setInterval() vs setTimeout(): synchronous vs asynchronous code execution in JavaScript

Scheduling techniques in JavaScript to understand execution of asynchronous code — synchronous vs asynchronous code

Synchronous and Asynchronous code

At it’s core, JavaScript is single threaded and code execution in JavaScript is synchronous, i.e: sequential execution of code. A latter block of code is executed only when a former block of code finishes execution. However, this might lead to certain problems for developers, especially when they’re expecting a result from a certain block of code which might take some time.

  • the blocks of code following the async code snippet are executed while the request to the server made by the async code snippet is being processed in the background
  • as soon as the async code snippet gets a response from the server it made the AJAX call to, the result of the computations of the async code gets updated in the original code, usually via a Promise or a callback function.

setTimeout() vs setInterval

In some cases we might chose to delay execution of a certain piece of code by a certain amount of milliseconds, thus responding to that code would be an asynchronous task. JavaScript has 2 native functions which allows us to delay our code execution by a certain amount of time.


The setTimeout() function executes a piece of code after a certain amount of time(in milliseconds). The syntax is:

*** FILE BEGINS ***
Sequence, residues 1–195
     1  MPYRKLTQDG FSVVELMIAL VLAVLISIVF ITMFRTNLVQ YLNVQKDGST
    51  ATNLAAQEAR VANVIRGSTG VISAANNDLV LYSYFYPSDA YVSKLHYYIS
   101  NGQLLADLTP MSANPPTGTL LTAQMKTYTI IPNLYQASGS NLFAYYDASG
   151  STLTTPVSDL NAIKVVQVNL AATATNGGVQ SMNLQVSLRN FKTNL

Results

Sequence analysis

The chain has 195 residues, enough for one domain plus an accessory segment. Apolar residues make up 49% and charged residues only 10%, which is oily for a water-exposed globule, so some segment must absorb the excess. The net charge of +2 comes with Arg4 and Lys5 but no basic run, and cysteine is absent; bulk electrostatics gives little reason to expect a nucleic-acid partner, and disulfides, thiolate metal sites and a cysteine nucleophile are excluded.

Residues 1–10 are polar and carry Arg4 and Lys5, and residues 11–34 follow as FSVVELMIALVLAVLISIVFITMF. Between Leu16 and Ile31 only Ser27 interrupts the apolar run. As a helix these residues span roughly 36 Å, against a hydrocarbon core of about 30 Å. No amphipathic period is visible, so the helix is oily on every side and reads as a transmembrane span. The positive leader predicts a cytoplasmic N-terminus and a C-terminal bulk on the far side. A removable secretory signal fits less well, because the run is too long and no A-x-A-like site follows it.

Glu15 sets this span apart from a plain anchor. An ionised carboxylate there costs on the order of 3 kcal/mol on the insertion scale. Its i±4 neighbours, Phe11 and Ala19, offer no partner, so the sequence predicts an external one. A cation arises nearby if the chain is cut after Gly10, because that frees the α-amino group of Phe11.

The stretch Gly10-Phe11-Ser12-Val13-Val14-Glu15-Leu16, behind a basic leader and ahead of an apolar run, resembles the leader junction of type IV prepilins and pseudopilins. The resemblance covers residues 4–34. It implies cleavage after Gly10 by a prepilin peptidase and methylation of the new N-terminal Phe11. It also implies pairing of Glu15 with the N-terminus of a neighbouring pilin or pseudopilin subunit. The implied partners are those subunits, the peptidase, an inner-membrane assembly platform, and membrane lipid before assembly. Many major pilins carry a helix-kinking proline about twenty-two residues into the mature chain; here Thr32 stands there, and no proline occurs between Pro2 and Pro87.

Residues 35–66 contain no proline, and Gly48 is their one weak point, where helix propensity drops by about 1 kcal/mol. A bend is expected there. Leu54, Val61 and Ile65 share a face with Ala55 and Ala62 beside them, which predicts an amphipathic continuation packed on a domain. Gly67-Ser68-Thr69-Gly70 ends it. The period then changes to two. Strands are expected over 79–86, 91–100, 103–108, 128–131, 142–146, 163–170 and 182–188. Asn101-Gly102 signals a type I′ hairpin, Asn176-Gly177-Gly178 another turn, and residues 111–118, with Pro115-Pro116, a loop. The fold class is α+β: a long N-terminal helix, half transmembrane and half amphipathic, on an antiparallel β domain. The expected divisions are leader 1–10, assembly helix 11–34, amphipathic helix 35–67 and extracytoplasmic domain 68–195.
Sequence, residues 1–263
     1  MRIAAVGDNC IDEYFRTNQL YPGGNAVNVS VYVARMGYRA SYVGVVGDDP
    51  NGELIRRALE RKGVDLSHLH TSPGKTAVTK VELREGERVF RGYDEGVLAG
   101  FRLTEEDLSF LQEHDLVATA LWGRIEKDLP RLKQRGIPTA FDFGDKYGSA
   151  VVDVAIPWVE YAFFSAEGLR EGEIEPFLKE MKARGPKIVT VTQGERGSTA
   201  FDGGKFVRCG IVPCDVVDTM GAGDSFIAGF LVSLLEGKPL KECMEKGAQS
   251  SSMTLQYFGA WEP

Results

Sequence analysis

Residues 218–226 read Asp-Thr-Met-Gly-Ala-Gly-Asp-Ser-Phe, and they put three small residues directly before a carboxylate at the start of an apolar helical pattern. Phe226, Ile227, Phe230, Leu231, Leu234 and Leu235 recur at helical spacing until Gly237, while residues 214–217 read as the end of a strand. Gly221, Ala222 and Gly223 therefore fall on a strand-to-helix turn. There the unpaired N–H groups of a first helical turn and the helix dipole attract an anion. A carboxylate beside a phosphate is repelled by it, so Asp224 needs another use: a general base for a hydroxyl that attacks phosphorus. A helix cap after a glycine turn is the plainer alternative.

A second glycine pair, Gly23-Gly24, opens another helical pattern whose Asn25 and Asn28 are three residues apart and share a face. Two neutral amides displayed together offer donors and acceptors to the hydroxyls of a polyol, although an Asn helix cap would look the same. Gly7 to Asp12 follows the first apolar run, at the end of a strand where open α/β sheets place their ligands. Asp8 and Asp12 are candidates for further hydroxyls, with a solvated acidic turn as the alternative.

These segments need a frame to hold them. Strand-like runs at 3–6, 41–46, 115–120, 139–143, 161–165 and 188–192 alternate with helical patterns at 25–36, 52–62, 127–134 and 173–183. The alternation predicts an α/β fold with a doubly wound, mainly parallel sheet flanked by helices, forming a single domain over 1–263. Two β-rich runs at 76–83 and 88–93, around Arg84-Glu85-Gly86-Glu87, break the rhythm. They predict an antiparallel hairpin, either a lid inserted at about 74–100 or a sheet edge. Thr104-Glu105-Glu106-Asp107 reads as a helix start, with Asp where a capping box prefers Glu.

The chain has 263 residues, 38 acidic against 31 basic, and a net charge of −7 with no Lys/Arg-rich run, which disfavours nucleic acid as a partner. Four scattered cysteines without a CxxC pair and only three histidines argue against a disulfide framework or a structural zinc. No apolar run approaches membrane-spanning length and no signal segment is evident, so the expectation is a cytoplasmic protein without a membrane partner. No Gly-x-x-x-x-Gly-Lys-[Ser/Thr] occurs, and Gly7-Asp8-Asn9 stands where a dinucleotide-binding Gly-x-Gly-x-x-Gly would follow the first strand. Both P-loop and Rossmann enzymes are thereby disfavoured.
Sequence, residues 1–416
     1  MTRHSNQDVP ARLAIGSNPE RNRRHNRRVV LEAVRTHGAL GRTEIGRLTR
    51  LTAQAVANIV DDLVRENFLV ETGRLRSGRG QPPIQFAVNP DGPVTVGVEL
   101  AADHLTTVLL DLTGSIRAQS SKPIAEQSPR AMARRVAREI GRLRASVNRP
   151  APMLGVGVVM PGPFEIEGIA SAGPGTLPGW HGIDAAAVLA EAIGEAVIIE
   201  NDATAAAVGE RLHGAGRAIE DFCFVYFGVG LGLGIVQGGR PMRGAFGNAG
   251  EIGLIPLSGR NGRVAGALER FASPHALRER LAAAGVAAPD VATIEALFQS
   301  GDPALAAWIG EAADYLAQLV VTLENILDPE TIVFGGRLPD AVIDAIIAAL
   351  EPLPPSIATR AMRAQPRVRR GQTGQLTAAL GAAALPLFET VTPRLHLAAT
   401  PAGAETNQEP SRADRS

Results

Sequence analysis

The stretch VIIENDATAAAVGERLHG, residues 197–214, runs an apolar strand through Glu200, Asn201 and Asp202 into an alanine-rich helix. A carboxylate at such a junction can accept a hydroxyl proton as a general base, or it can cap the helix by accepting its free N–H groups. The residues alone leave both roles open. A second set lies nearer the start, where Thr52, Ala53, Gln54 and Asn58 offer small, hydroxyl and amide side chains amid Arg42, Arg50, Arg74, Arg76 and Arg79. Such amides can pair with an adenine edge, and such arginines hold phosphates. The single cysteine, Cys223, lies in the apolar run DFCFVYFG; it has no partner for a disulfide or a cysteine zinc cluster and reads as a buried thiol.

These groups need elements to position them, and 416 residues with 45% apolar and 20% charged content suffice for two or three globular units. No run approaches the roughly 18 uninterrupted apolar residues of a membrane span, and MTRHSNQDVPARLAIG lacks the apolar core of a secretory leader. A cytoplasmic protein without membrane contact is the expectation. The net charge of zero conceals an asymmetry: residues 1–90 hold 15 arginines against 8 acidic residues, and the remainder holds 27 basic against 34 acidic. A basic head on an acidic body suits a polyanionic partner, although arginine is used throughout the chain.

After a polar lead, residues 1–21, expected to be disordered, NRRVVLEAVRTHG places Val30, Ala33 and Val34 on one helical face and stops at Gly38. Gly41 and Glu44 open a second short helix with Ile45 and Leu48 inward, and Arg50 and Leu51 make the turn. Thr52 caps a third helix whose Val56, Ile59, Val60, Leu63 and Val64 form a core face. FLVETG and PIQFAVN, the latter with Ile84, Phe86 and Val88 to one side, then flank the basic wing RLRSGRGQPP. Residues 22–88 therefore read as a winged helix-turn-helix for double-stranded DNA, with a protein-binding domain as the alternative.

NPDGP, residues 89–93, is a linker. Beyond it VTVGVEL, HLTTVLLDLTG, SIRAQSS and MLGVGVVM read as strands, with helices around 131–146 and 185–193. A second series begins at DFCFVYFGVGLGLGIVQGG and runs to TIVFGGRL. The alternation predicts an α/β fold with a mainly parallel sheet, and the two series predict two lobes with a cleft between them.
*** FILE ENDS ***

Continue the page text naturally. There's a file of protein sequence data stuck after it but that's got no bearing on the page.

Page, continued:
setTimeout(expression, timeout_in_milliseconds)
let sayHello = () => {
setTimeout(sayHello, 2000);
setTimeout(()=>{ alert('Hello')}, 2000);


The setInterval() function, as the name suggests, is commonly used to set a delay for functions that are repeatedly executed. The setInterval() function is very closely related to setTimeout() , they even share a similar syntax:

setInterval(expression, interval);
// Hello is logged into the console repeatedly after every 2 seconds
let timerInstance= setInterval(() => console.log('Hello'), 2000);
// Clear intervals after 5seconds with the timer id
setTimeout(() => { clearInterval(timerInstance); console.log('Clearing the interval'); }, 5000);

When to use what!!

When should one use setInterval() ?

If regular, precise timing is needed or something needs to be done repeatedly after certain time intervals, then setInterval() is your best choice, since using setInterval() there's virtually no delay between one triggering of the expression and the next.

When should one use setTimeout() ?

With setTimeout(), there's a comparatively long delay while the expression is evaluated, the function called, and the new setTimeout() being set up. So, if such a delay is acceptable in an application, setTimeout() is the way to go.

Backend Developer at Tricog Health, Bangalore.